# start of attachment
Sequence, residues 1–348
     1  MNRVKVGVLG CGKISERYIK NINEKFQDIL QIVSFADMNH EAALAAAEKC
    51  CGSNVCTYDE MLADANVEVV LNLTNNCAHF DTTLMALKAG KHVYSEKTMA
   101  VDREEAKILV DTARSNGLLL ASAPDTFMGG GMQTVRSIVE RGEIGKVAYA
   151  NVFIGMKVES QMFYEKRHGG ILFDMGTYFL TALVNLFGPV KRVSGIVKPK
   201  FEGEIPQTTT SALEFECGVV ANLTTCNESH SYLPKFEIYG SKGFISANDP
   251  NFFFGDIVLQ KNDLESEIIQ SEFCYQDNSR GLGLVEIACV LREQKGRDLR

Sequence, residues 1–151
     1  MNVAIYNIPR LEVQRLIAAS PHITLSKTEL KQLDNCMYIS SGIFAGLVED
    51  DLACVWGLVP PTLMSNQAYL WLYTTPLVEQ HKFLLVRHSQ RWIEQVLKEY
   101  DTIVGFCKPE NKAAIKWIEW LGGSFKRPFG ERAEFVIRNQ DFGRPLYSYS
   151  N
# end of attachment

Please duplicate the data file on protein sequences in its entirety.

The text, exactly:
Sequence, residues 1–348
     1  MNRVKVGVLG CGKISERYIK NINEKFQDIL QIVSFADMNH EAALAAAEKC
    51  CGSNVCTYDE MLADANVEVV LNLTNNCAHF DTTLMALKAG KHVYSEKTMA
   101  VDREEAKILV DTARSNGLLL ASAPDTFMGG GMQTVRSIVE RGEIGKVAYA
   151  NVFIGMKVES QMFYEKRHGG ILFDMGTYFL TALVNLFGPV KRVSGIVKPK
   201  FEGEIPQTTT SALEFECGVV ANLTTCNESH SYLPKFEIYG SKGFISANDP
   251  NFFFGDIVLQ KNDLESEIIQ SEFCYQDNSR GLGLVEIACV LREQKGRDLR

Sequence, residues 1–151
     1  MNVAIYNIPR LEVQRLIAAS PHITLSKTEL KQLDNCMYIS SGIFAGLVED
    51  DLACVWGLVP PTLMSNQAYL WLYTTPLVEQ HKFLLVRHSQ RWIEQVLKEY
   101  DTIVGFCKPE NKAAIKWIEW LGGSFKRPFG ERAEFVIRNQ DFGRPLYSYS
   151  N